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Alberta’s move to green energy seen adding $7 billion in power company debt

Alberta, the nation’s largest provincial carbon polluter, will need to replace about 6,000 megawatts of coal generation capacity with cleaner fuel sources such as wind and natural gas to meet the government’s deadline for 30 per cent renewable energy and to rid the province of coal by 2030. Half of that new power is expected to be financed by debt.

Canada’s dirtiest province is cleaning up its act, and that’s expected to result in $7 billion (US$5.2 billion) in new debt from power companies such as TransAlta Corp. to fund green energy projects in the coming years.

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Alberta, the nation’s largest provincial carbon polluter, will need to replace about 6,000 megawatts of coal generation capacity with cleaner fuel sources such as wind and natural gas to meet the government’s deadline for 30 per cent renewable energy and to rid the province of coal by 2030. Half of that new power is expected to be financed by debt, said Stephen Goltz, a Toronto-based credit analyst at Standard & Poor’s said.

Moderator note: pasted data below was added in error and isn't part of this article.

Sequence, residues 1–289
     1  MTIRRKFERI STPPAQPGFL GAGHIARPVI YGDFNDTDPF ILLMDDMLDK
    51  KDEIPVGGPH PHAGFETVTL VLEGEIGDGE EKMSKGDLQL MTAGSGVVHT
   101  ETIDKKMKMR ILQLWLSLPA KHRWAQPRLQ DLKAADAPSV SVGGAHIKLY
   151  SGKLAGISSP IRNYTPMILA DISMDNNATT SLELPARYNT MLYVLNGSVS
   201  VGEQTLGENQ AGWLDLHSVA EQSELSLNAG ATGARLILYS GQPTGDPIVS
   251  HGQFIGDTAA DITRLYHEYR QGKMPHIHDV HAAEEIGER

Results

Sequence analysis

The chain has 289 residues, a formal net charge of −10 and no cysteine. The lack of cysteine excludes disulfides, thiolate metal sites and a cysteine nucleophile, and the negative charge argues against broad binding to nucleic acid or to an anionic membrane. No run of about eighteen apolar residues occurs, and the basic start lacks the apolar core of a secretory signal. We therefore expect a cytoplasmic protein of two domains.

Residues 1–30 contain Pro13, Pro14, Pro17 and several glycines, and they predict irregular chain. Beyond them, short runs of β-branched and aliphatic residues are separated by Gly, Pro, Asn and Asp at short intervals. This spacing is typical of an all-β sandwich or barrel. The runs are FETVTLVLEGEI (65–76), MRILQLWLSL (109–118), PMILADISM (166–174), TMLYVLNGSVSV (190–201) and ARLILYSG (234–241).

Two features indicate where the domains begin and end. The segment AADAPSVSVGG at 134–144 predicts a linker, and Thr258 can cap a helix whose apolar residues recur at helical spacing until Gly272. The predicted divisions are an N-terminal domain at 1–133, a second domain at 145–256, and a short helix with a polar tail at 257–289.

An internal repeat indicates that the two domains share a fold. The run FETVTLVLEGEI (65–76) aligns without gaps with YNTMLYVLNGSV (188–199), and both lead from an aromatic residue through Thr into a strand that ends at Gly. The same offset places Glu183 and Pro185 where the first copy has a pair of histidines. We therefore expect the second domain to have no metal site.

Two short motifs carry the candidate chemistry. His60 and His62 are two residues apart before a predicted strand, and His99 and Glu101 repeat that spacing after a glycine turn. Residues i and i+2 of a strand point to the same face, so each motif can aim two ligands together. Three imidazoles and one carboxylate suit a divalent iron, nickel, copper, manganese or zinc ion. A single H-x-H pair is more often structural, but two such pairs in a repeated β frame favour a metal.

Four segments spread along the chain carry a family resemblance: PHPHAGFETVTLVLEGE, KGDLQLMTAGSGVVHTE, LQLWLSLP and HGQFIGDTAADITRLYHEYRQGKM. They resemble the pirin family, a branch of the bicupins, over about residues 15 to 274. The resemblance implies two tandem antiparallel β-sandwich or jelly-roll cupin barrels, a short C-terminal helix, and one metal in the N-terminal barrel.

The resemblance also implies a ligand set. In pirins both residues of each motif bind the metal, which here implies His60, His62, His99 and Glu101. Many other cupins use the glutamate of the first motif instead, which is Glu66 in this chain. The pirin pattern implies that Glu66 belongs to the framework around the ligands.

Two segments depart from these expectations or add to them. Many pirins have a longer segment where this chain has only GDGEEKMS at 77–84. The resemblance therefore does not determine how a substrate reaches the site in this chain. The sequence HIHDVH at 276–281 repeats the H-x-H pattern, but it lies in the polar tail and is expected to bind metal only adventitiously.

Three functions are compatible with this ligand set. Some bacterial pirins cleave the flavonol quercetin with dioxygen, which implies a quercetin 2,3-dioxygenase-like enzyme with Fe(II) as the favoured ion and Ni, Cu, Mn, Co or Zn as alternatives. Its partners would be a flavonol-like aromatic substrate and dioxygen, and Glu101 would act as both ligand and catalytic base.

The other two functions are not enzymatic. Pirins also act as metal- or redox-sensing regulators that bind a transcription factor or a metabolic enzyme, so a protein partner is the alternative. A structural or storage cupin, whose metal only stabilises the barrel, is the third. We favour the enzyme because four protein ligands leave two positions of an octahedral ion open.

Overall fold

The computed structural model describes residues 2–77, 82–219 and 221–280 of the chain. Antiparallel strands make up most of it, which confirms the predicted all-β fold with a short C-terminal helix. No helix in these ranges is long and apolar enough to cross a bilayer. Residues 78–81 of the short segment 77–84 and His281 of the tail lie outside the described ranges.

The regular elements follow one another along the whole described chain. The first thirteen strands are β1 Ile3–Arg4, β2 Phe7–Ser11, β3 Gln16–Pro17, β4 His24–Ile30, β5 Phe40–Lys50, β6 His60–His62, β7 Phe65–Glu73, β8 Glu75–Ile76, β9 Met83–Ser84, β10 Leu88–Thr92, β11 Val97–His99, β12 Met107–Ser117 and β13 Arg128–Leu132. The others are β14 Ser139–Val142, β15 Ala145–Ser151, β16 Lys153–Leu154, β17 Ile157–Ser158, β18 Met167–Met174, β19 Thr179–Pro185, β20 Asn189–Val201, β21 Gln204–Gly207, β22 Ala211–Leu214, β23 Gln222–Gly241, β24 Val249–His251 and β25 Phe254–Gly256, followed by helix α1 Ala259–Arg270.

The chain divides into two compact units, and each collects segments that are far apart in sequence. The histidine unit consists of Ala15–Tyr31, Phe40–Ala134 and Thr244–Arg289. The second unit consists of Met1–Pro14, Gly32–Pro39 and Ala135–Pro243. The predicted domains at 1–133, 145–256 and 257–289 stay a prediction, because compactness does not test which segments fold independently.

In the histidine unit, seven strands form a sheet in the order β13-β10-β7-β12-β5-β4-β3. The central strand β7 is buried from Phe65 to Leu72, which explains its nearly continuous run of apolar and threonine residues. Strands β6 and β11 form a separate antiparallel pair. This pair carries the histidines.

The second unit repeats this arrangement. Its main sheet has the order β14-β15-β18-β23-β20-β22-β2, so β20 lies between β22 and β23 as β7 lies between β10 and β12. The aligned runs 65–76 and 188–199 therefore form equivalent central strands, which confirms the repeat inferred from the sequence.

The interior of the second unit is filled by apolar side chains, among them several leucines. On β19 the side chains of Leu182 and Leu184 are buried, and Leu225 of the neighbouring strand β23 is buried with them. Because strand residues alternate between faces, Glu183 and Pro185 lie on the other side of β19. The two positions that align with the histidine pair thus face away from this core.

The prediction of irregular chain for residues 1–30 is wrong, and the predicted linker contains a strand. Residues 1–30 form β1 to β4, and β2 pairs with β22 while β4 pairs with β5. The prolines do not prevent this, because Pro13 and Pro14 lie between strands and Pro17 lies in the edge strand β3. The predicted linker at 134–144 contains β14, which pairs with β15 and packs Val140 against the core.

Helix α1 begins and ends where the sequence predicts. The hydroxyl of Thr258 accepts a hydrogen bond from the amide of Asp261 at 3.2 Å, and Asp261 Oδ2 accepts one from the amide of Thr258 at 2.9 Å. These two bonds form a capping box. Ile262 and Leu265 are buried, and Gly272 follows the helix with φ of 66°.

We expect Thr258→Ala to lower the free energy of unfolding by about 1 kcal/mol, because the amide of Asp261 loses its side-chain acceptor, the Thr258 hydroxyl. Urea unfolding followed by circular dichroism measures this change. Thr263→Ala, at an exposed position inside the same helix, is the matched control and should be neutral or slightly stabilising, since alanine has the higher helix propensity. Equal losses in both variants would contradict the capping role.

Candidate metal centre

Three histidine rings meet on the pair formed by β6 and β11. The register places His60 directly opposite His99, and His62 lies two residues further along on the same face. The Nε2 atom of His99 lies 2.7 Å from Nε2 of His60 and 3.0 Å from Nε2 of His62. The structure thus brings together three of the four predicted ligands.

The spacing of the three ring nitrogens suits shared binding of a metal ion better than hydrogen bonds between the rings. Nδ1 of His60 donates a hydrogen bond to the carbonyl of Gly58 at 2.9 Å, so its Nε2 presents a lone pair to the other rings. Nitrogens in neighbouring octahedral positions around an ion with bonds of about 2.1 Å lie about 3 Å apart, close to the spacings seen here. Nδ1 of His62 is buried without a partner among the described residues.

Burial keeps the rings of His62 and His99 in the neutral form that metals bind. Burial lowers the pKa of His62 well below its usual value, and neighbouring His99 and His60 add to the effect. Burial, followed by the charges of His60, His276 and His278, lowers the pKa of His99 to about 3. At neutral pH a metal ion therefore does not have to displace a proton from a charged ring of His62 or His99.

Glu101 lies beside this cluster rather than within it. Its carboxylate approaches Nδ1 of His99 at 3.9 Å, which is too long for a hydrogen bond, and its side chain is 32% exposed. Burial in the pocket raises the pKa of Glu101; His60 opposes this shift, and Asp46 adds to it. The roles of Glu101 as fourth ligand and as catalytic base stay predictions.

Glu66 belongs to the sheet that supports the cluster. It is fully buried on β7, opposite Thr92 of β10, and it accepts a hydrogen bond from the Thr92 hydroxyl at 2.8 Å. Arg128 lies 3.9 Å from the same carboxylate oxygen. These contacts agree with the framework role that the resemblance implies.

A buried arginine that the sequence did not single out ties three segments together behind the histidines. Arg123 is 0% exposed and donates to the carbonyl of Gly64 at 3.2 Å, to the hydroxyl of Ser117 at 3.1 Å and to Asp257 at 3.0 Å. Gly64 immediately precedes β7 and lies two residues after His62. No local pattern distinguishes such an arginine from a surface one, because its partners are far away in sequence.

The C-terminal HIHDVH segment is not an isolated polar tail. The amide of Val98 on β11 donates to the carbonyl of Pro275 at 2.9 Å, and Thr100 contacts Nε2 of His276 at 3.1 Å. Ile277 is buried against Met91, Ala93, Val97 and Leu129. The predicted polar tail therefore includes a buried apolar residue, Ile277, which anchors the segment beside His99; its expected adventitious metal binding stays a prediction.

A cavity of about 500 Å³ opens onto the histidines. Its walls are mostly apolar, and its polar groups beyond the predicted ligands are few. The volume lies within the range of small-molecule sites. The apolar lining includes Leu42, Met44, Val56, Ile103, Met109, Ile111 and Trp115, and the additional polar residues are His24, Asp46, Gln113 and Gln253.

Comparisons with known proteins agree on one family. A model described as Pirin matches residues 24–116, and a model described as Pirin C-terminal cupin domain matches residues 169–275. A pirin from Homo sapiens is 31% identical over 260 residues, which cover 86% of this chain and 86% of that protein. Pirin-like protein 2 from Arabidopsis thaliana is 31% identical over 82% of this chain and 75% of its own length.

While investors are hungry for long-term assets like electricity generation, lenders will likely need to see government support for renewable energy before taking a wager on companies already suffering from weak power prices and the risk of stranded assets.

“These are long-term projects that are highly finance-able like other major long-life predictable infrastructure,” said Robert Mark, director of research at money managers MacDougall, MacDougall & MacTier Inc. in Toronto. “Markets want to lend to this kind of project and tend to be highly skewed to debt. That’s because investors want that and rating agencies approve of them.”

Carbon Price

Alberta Premier Rachel Notley unveiled last month sweeping changes to the province’s climate policy, including the faster transition from coal to more renewable and natural-gas power; an economy-wide carbon price and a cap on oilsands emissions. Coal currently generates more than half of the province’s electricity and the government plans to use renewable energy certificates to provide an incentive for companies to build new wind turbines and install solar panels.

Alberta’s largest generators TransAlta and Capital Power Corp., along with city-owned utilities Enmax Corp. and Epcor Utilities Inc., already have more than $8 billion in outstanding notes, according to data compiled by Bloomberg.

Both TransAlta and competitor Capital Power are rated BBB- by S&P, one step above non-investment grade. TransCanada Corp., which owns more than 11,000 megawatts of generation in other parts of Canada and the U.S., is rated A-, while Enbridge Inc., with more than 2,000 megawatts of renewable power capacity, has a BBB+ rating.

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